To study the performance of the waveguide further, we performed a loss measurement on waveguide B, the best waveguide based on transmission performance, by measuring the transmission of waveguides 8.6, 6.6, and 3.9 cm long and fitting the results at each frequency. To maintain consistency during these measurements, we aligned all three waveguides using the metal plate as shown in Fig. 3(b), and to avoid problems with the cutting of the waveguide, we printed three different lengths. We also took five measurements for each length of waveguide to reduce the effect of the difference in coupling for each attempt, although coupling can still be a cause for differences between the calculated and measured loss. The comparison between the calculated and measured loss can be seen in Fig. 5. Two antiresonance windows can be clearly seen at roughly the expected spectral position, where the loss becomes approximately 10 times lower than the material bulk loss. Simulations of confinement loss would, however, predict considerably lower loss. One possible explanation for this discrepancy might be due to the light scattering from the 3D-printed surfaces, not accounted for in our simulations . The surfaces of the tubes are considerably rougher in FDM-printed samples than for other 3D-printing methods, due to the layer thickness of 0.3 mm. Further research into how the surface could be smoothed using annealing or chemical methods could improve the transmission through this type of waveguide.
To use the waveguide for terahertz spectroscopy, it is also useful to know the spot radius of the output beam from the waveguide. To determine the output beam of the waveguide, a free space simulation is performed for the mode at the end of the waveguide . The result of this simulation is compared with the beam profile measured 6 mm behind the waveguide using a knife-edge measurement. The knife-edge measurement is done with the same emitter and detector, but the beam after the knife-edge is focused on the detector using two lenses. The beam width is extracted from the measurements, and a corresponding Gaussian for the beam profile is calculated. It can be seen in Fig. 6 that the calculated and measured beams are very similar, with 15% deviation in the beam width. The discrepancy can be explained by the fitting of the Gaussian beam and the error function to the data. An error of roughly 10% existed in the calculation of the beam width, corresponding to a beam diameter of . Although the beam is assumed to be Gaussian, there is probably a small deviation between a Gaussian beam and the output beam from the waveguide. Using this beam profile to calculate the mode propagation in free space, it can be seen from Fig. 6 that the beam is divergent. However, the simulated divergence angle is 3.4°, which is small enough to allow experiments to be conducted in the proximity of the waveguide tip without need of any further lenses. To obtain a collimated beam, a combination of lenses needs to be used. However, due to the increase in transmission, the 3D-printed AR waveguide could be beneficial to use for terahertz transmission.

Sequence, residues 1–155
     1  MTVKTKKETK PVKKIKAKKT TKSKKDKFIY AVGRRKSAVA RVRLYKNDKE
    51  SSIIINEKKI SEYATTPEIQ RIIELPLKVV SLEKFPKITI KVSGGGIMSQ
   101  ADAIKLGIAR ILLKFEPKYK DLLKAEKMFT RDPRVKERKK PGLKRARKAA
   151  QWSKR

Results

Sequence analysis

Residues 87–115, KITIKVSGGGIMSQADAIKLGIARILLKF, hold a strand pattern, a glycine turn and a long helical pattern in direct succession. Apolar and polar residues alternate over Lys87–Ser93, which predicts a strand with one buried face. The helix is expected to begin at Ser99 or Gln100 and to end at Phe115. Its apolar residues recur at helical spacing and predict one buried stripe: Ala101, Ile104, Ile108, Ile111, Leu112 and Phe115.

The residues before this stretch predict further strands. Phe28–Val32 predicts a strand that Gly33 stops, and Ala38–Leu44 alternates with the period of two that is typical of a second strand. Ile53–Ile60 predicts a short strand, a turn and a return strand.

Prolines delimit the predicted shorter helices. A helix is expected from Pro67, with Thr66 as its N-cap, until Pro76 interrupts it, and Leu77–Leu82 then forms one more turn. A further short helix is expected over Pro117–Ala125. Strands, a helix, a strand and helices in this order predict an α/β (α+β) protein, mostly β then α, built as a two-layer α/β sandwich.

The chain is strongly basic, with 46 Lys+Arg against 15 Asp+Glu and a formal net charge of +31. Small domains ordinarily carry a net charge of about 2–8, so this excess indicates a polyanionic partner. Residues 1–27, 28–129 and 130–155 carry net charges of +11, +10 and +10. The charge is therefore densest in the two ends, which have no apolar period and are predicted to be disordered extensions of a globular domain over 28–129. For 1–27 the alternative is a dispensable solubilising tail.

In this work, we have demonstrated guidance in an AR 3D-printed waveguide using a cheap and simple FDM 3D printer with commercially available low-cost filaments (polycarbonate). Depending on the cladding design, a waveguide can be manufactured within 30 minutes, at low cost. At antiresonance, the transmission is up to 10 times higher through the waveguide than in free space, and with a loss 10 times lower than in the bulk material, showing terahertz guidance in the 3D-printed waveguide across a broad spectral range. This demonstrates how such a simple, cheap, and quickly manufacturable solution can be useful in practice. The guiding of the short AR waveguide (up to 10 cm) could be used in a variety of different tabletop terahertz spectroscopy setups instead of the lens system, which is currently needed to collimate and focus the terahertz beam. Because they are hollow fibers, they could also be used for gas spectroscopy with a species introduced in the fiber. To create longer waveguides, different commercial FDM printers could be utilized to increase the length that can be printed, or a preform could be printed and drawn down into a longer waveguide. Further improvements could be achieved by smoothing the 3D printed surface of the waveguide, for example by annealing and/or chemical treatment, and by using lower loss polymers such as TOPAS.
Engineering and Physical Sciences Research Council (EPSRC) (EP/N00762X/1); H2020 European Research Council (ERC) (682724).